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Lethbridge Herald Newspaper Archives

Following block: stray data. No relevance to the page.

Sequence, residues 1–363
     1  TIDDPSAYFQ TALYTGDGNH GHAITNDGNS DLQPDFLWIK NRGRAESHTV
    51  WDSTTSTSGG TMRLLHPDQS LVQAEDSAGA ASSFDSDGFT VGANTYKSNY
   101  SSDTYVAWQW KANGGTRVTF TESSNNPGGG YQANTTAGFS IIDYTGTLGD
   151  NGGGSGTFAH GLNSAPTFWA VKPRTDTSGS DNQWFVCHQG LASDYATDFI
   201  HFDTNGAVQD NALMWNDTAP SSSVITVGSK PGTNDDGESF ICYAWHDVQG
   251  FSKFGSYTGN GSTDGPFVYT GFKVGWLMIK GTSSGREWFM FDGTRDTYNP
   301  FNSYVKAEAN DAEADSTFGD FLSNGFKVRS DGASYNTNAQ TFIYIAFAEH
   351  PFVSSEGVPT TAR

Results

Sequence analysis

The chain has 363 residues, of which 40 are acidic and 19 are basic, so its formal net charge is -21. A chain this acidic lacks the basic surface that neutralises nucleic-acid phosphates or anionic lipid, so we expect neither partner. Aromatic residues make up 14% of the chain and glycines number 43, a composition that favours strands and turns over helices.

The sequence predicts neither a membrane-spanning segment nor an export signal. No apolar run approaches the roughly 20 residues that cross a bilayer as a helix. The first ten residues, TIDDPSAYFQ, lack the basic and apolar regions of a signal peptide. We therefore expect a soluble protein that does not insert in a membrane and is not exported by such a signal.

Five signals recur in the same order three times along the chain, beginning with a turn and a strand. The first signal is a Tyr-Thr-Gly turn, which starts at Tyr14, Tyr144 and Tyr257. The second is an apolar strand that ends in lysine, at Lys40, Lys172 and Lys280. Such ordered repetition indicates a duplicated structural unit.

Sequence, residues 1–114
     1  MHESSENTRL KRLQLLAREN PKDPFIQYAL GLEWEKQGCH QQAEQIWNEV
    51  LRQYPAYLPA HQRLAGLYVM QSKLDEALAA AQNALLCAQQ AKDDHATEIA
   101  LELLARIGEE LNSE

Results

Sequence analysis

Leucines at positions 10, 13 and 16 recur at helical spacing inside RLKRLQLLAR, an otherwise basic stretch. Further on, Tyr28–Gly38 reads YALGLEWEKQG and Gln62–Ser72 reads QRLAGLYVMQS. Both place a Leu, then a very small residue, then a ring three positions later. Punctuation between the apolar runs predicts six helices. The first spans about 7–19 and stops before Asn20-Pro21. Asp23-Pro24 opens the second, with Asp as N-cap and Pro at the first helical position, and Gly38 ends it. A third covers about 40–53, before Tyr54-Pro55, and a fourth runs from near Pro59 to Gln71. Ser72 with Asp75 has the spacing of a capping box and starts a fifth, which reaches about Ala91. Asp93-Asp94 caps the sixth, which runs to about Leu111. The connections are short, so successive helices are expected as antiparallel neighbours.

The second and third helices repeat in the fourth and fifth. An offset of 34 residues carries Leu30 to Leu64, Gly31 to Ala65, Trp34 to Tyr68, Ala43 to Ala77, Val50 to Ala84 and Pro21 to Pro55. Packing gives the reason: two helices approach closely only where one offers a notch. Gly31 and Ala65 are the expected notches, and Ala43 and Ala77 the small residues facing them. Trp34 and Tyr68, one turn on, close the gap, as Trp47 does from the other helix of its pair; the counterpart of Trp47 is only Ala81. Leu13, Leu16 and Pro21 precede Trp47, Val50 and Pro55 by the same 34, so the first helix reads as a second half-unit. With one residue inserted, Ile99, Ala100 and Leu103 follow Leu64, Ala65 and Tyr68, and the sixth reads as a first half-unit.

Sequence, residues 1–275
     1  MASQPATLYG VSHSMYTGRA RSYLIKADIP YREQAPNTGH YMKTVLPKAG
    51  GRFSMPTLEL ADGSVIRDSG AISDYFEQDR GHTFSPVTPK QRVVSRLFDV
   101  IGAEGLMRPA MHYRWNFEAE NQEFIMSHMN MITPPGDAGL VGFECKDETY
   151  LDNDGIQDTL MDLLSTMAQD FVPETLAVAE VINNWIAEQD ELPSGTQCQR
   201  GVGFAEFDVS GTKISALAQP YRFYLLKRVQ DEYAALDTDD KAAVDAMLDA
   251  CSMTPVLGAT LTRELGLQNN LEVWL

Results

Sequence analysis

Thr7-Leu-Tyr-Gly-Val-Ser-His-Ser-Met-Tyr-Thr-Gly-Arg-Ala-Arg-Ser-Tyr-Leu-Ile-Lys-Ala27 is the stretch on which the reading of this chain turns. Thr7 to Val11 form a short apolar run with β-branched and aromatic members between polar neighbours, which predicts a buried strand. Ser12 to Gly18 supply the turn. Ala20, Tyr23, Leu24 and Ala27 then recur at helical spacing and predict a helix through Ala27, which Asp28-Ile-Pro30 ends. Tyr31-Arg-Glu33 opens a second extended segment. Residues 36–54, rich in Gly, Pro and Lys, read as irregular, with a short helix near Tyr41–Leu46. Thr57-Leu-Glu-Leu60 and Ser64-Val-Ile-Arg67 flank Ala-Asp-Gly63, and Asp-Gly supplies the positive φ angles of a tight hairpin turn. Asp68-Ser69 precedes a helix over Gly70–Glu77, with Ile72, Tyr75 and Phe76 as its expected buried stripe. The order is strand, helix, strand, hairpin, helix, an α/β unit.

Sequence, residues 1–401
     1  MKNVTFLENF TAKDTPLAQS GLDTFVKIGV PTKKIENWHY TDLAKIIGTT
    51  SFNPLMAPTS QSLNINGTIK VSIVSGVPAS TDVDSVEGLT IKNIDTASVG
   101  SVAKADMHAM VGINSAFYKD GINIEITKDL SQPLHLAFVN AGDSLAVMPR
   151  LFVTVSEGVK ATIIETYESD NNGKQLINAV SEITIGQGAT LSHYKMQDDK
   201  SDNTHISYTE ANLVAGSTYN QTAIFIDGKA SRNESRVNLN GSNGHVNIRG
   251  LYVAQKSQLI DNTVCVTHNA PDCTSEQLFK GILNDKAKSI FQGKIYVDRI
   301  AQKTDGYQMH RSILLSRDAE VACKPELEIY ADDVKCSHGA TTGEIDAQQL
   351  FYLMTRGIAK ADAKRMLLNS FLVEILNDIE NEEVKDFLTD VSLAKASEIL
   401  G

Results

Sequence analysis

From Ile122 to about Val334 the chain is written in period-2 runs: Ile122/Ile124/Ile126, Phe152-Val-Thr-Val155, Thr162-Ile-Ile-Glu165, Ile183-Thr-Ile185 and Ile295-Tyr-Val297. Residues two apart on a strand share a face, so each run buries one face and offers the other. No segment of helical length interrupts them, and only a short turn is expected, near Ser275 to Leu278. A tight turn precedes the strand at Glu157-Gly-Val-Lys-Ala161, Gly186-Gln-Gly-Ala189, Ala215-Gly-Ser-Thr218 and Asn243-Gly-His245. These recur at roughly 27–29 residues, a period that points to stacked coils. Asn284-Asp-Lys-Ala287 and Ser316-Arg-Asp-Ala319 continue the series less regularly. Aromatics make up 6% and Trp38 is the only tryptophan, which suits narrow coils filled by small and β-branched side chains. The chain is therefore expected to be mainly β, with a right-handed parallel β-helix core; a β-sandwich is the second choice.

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Lethbridge Herald, The (Newspaper) - June 10, 1974, Lethbridge, Alberta Monday, Junt 10, 1974 THE LETHBRIDQE HERALD 3 Mobs' are name of the game in petro feud EDMONTON (CP) When politicians talk about the pet- rochemical industry, the discussion usually centres on one Alberta has been supplying its oil and natural gas to Eastern Canadian industries, mainly based in Sarnia, Ont., which turn the raw materials into ethylene, the primary petrochemical needed to make plastics. The ethylene is then transformed into compounds such as polyvinyl chloride, which are then processed into familiar items such as camera film, toys and garbage bags. All of that processing creates jobs. Premier Peter Lougheed's Progressive Conservative government in Alberta wants to start a world-scale petrochemical industry in Alberta and get those jobs while blocking major expansion of the industry in Ontario. Alberta's economy, says the premier, must be diversified "to provide nore and better secure job opportunities for our citizens and to strengthen Alberta by making the province less dependent for continued prosperity upon merely shipping crude oil and natural gas out of the province." The premier has made it clear that Alberta doesn't want to cose down the existing petrochemical industry in the east. But Alberta is fiercely opposed to providing the oil needed for a proposed Petrosar Ltd. operation in Sarnia. market for the products. The province says there is only room in the marketplace for two new major plants, both of which it wants in Alberta, while the .federal government says there will be room for three, including Petrosar, by 1980. Ottawa is involved because Petrosar is controlled by Poly- sar, a federal Crown corporation. The federal government also holds jurisdiction over the destination of oil once it leaves the province, and federal Energy Minister Donald Macdonald has threatened to divert to Petrosar the barrels a day the plant needs. Alberta also points out that breaking down crude oil into ethylene is a less efficient way to produce petrochemicals than using natural gas. Both Alberta plants on the drawing board would use natural gas. Petrosar president I. C. Rush held a meeting with Mr. Loug- heed in late May, but neither budged from their positions The premier reasserted Alberta's objections, while Mr. Rush said three plants could survive. Alberta has thrown its full support behind a petrochemical operation planned in the province by Alberta Petrochemicals, a consortium of four companies Up to jobs would be created by the time all the processing is done in the province The province is especially keen on the plan because none of the ethylene would be shipped out of Alberta for processing Conditional support has been given by the province to the Dow Chemical-Dome Petroleum proposal to build a petrochemical complex north of Edmonton. Unlike the Alberta Petrochemicals operation, Dow-Dome would send some of the ethylene to the United States and Eastern Canada for further processing while some would stay in Alberta. The province isn't concerned about ethylene sent to the U.S.. since the finished products would not be competing with goods turned out in Canada But production from Sarnia would compete with the output from Alberta. Final provincial approval may hinge on how much ethylene production ends up in Sarnia. Ford may appeal Cortina fire TORONTO (CP) A spokesman for the Ford Motor Co. said Saturday the company is considering appealing a court decision ordering an Ottawa dealership to pay for "grossly misrepresenting" a 1970 Cortina as a 1971 model. Judge Kenneth Fogarty made the ruling Friday in Ottawa on a claim by Helene Brousseau who bought what she thought was a new 1971 Cortina from Lewis Motors for Although her bill of sale and order agreement stated the car was a 1971 model, Miss Brousseau testified she was told the car need parts of a 1970 model when she took it in for servicing. The Ford spokesman said the practice of redesignating cars, or updating, is "an industrywide practice.'' "As "far as we (Ford) are concerned, and I think the entire industry, redesignation works to the advantage of the customer.'' He said the Cortina's design was not changed from 1970 to 1971 The updating, therefore; was not deceiving. A customer selling the car at a later date would get a better return on it if it was listed as a 1971 model, rather than a 1970, he said. The spokesman said produc- tion of the Cortina has been discontinued in Canada. The cars are still produced and sold in Europe. They are not imported into Canada. The damages award to Miss Brousseau is the highest possible in the Ontario small claims court. Phil Edmonston, president of the Montreal-based Automobile Protection Association, called Judge Fogarty's decision a major breakthrough for consumers. He said his organization has 55 similar cases prepared and that actions have been launched against Ford, Chrysler, Peugeot, Renault, Mazda, Datsun and Toyota. GENERAL FARM Presents The Weather SUNRISE TUESDAY SUNSET H L Pre Lethbridge...... 65 48 Pincher Creek 65 36 Medicine Hat 67 42 Edmonton 64 39 Grande Prairie.. 64 38 Banfc .........56 35 Calgary........ 59 36 Victoria 65 47 Penticton....... 76 47 Prince George 63 38 Kamloops....... 77 48 Vancouver...... 65 51 Saskatoon....... 60 47 .40 Regma .......63 46 .52 Winnipeg 61 41 Toronto......... 87 67 Ottawa......... 79 65 Montreal 82 67 .05 St John's....... 38 34 .05 Halifax......... 84 44 .05 Charlottestown 66 41 .06 Fredericton..... 91 48 Chicago 84 64 .45 Minneapolis..... 68 54 1.05 New York 87 74 Miami.......... 84 78 Los Angeles ___ 80 63 Las Vegas...... 94 64 Phoenix 100 68 Honolulu........ 86 61 Mexico City..... 86 61 Athens 77 63 Rome.........75 64 Paris........... 59 46 London......... 59 50 Berlin.......... 66 39 Amsterdam..... 57 46 Moscow 59 46 Stockholm..... 63 48 Tokyo.......... 75 64 FORECAST: Lethbridge, Calgary, Medicine Hat Regions Today: Sunny. Highs near 70. Lows tonight 40 to 45. Tuesday: Sunny. Brisk westerly winds. Highs near 75. Columbia, Kootenay Regions Today and Tuesday, cloudy with a few sunny periods. Isolated shower or thundershowers mainly Columbia district.- Highs both days upper 60s to lower 70s. Lows tonight 40 to 45. MONTANA East of Continental Divide Fair to partly cloudy and warmer today and Tuesday. Chance few showers or thundershowers east today. Highs today 70s. Lows tonight 40s. Highs Tuesday 75 to 85. West of Continental Divide Fair and warmer today and Tuesday. Highs both days 75 to 85. Lows tonight 40s. Showers east today. Highs today 70s. Lows tonight 40s. Highs Tuesday 75 to 85. Edwards Cultivator and Rod Woodor 24 ft. Edwards Cultivator and 15 ft. Edwards Rodweeder available at the old price! Buy these now and save! GENERAL FARM SUPPLIES Coiitto Highway Box 1202 328-1141 Ports of entry: Times in Mountain Daylight Time opening and closing limes Carway 7 a m to JO p.m.; Chitf Mountain closed, Coutts open 24 hours; Del Bonita Sam to 5 p m Kmgsgate open 24 hours. 7am untiJ 11 pm Wild Horse 7am Io4prn Roosevriie7a.m. toll pm Pass Hamburger test report reaction stuns official Mining industry in Canada 'suffering' from prosperity By WILLIAM BORDERS New York Times Service VANCOUVER Canada's mining industry is suddenly suffering from too much prosperity. After a slump of several years, soaring world prices for the metals that Canada has in abundance have revitalized the industry, which is a traditional mainstay of the Canadian economy. But now, federal and provincial government officials, noting the huge profits in zinc, copper and silver, have demanded much higher taxes The industry says further development is severely threatened "The mood is said Thomas Elliott, manager of the British Columbia and Yukon Chamber of Mines. "People are asking why they should bother to put money into this high-risk business if all the gain goes to the government The industry pessimism, which is regarded in some other quarters as simply a bargaining tactic, is perhaps most marked here in British Columbia, where mining is second in importance only to the forest industry, and where an avidly socialist provincial government came to power two years ago But it is also evident in Manitoba, where a new excess-profits tax on mining is under consideration, and m Ontario, where just last month Texasgulf Inc indefinitely postponed a million expansion of a zinc and copper mine after the provincial government outlined sharp increases in the taxes on its income. Texasgulf, although American, gets more than half its revenues from mining in Canada, and like other mineral producers across the country, it had attracted the attention of the tax men with a huge increase in first-quarter profits million this year, compared with million in the first three months of 1973 To the governments, that sort of financial statement is proof that the people are "getting ripped off" by the giant mining companies, ii. the words of Premier David Barrett of British Columbia Despite the huge company profits, the Toronto Stock Exchange's base metals index has dropped from 108 to 81 in the last four months, and in Vancouver a popular sticker reads: "Will the last businessman to leave British Columbia please turn out the As for the federal government, new corporate tax increases that it announced last month died with the beginning of the current election campaign. But Prime Minister Trudeau has promised to introduce them again if he is returned to office In Vancouver, at the chamber of mines offices, Elliott produced a list of 15 British Columbia minerals projects, worth more than billion, that he said had been indefinably posponed this aftt. the new royalty schedules were published "The companies spent several hundred million dollars looking for these deposits, with not one penny coming back." he said FRAME STYLES From AROUND-THE- WORLD A MAN'S WORLD Out on a limb Perched feet above Toronto and 27 feet out from the growing CN Tower, iron worker Larry Porter pulls a hook of a giant crane as he works on the in- stallation of outriggers that will be used to lift the supports for the restaurant up to the level. Mr. Porter gets an hour below feet and above feet. OF FASHION ptV EDMONTON (CP) A city health official says he was "stunned" at the reaction of the federal health protection branch to a report critical of its testing of ground beef for bacteria content. Dr. A. B. Morrison senior official in charge of the branch, said in an Ottawa interview Friday that testing is not more rigorous because food poisoning bacteria are rare m ground beef. Food spoilage bacteria, on Ihe other hand, occur frequently, but are not harmful to health, he said. "Oh brother, that's said Dr. Ken Pennifold, director of environmental health services for the Edmonton Board of Healtii "it may be possible he was or misinterpreted, but this isn't the Dr. Morrison I know Food poisoning bacteria flourishes just as well as any olher strain in ground beef, he said Dr. Pennifold term "fiddlesticks" Or Morrison's contention that meat will appear noticeably spoiled long before it is dangerous if eaten "It's the meal that looks, tastes and smells absolutely normal that vou'H find behind most food poisoning cases. Once the stuff goes cruddy. people simply don't eat it arid. there's consequently no danger." Dr. Pennifold said staphylococcus aureus. a common cause of food poisoning, can be found almost anywhere. By itself, the bacteria is no threat to health, he said, and only becomes dangerous after it multiplies to the point where it produces sufficient amounts of toxins. Even then, the toxic by- products must be ingested, and resistance to their effects vary from person to person As a result, there are frequently cases where one member of a dinner parly will rome down with food poisoning, leaving the rest unaffected after eating 1he same meal. Dr Pennifold said ROOTS IN FRANCE The word "taxi" was derived from a French company that made meters for public horsedrawn carriages, "cab" is an abbreviation of rabnoJcl. the French word for a Jight. one- horse carnage NASA JUNE 16th FRTHGR'S DRY m FOR DAD -T- i L. trMu ujs Ticket With the Purchase of Any SPORT COAT IN STOCK f HERE'S YOUR CHANCE TO WIN AIM s IT PAYS TO SHOP AT... 3105th Street South II ;